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Averaged Lagrangian and the equations of motion

  1. Apr 15, 2012 #1
    Hi,

    Qualitatively: I am trying to decipher a method I've found in the literature, namely Whitham's method. It is a technique used to averaged out "fast variations" in the Lagrangian to then deduce governing equations for the system. I am trying to quantitatively deduce how accurate Whitham's method is, and whether or not it ignores relevant information at higher orders of the small parameter.

    Quantitatively: Consider a Lagrangian [itex]L=L(\phi,\eta;x,t)[/itex] where [itex](\phi,\eta)[/itex] represent the dependent variables of the system and (x,t) are the independent variables. We are going to take a WKB expansion of the dependent variables, so that

    [itex]\phi = \sum_n a_ne^{i\theta}[/itex] and

    [itex]\eta = \sum_n b_n e^{i\theta}[/itex].


    We assume [itex] a_n,b_n = f_n(a,a_t,a_x,...) [/itex] so that our new dependent variables are [itex] (a,\theta) [/itex] and possible derivatives on these variables.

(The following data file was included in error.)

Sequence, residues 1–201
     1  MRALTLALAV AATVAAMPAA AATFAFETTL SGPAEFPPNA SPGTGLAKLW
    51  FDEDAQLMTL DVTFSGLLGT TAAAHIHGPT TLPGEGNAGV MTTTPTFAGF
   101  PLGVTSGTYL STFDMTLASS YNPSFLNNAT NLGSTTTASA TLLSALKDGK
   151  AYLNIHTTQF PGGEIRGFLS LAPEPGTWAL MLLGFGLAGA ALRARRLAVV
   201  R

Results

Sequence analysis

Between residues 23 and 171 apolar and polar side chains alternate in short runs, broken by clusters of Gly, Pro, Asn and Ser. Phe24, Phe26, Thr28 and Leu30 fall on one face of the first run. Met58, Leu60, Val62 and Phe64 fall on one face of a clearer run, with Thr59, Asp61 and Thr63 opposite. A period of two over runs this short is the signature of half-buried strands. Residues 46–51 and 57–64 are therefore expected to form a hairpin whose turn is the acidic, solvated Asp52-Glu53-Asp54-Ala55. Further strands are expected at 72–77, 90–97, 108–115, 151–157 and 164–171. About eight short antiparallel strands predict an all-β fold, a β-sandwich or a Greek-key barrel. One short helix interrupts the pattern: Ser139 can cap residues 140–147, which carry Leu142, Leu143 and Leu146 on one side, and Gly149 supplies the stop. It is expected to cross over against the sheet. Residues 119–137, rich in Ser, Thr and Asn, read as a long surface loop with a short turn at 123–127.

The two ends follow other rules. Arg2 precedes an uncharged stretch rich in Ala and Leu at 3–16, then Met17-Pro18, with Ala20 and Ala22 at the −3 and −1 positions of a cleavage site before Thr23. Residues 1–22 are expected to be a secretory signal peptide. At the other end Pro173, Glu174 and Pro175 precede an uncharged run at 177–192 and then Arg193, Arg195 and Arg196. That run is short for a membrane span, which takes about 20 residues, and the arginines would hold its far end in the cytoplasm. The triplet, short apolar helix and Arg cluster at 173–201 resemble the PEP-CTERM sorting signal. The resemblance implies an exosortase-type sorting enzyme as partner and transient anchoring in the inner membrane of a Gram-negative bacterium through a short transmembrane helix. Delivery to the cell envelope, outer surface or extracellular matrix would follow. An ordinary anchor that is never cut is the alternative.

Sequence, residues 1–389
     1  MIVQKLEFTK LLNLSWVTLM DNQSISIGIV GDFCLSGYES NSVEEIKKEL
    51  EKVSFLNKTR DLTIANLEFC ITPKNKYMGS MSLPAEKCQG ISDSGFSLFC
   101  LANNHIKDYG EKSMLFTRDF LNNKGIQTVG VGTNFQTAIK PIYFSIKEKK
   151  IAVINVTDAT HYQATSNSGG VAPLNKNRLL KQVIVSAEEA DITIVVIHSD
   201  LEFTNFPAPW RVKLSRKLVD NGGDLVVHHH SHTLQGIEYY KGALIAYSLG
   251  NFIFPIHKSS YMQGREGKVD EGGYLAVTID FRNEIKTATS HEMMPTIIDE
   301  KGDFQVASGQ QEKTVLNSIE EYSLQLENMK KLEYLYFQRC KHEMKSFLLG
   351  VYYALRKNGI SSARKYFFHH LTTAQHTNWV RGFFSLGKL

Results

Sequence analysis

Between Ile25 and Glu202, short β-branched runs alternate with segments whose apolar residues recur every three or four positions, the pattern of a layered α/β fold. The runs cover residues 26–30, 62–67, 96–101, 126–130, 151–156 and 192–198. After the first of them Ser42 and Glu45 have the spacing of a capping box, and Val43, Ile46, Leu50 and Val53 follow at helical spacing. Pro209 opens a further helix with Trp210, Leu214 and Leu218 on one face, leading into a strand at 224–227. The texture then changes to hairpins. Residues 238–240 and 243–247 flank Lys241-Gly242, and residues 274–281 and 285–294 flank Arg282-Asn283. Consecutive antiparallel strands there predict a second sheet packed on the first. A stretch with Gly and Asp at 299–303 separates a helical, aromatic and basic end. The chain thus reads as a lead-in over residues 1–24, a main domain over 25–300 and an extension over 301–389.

It is assumed that the coefficients are [itex] O(\epsilon)[/itex], for small parameter [itex] \epsilon[/itex] and vary slowly in space and time (for instance [itex] a_n = a_n(\epsilon x, \epsilon t) [/itex]) while the phase is [itex]\theta = kx-\omega t + \epsilon \sigma(\epsilon x, \epsilon t) [/itex] for [itex](k,\omega) \in \mathbb{R} [/itex], ie it has a 'fast scale' .

    We now define

    [itex]\mathcal{L}=\frac{1}{2\pi} \int_0^{2\pi} L \ d\theta [/itex].

    It is conjectured that variations of this "averaged Lagrangian" [itex] \mathcal{L}[/itex] will then give us our governing equations.

    My question is this: What, quantitatively, is the difference between the equations deduced via the condition [itex]\delta L =0 [/itex] and [itex] \delta \mathcal{L} = 0 [/itex] ?

    Any suggestion are appreciated. Also, if this is vague or unclear, let me know and I will provide more information/examples.

    Thanks,

    Nick
     
  2. jcsd
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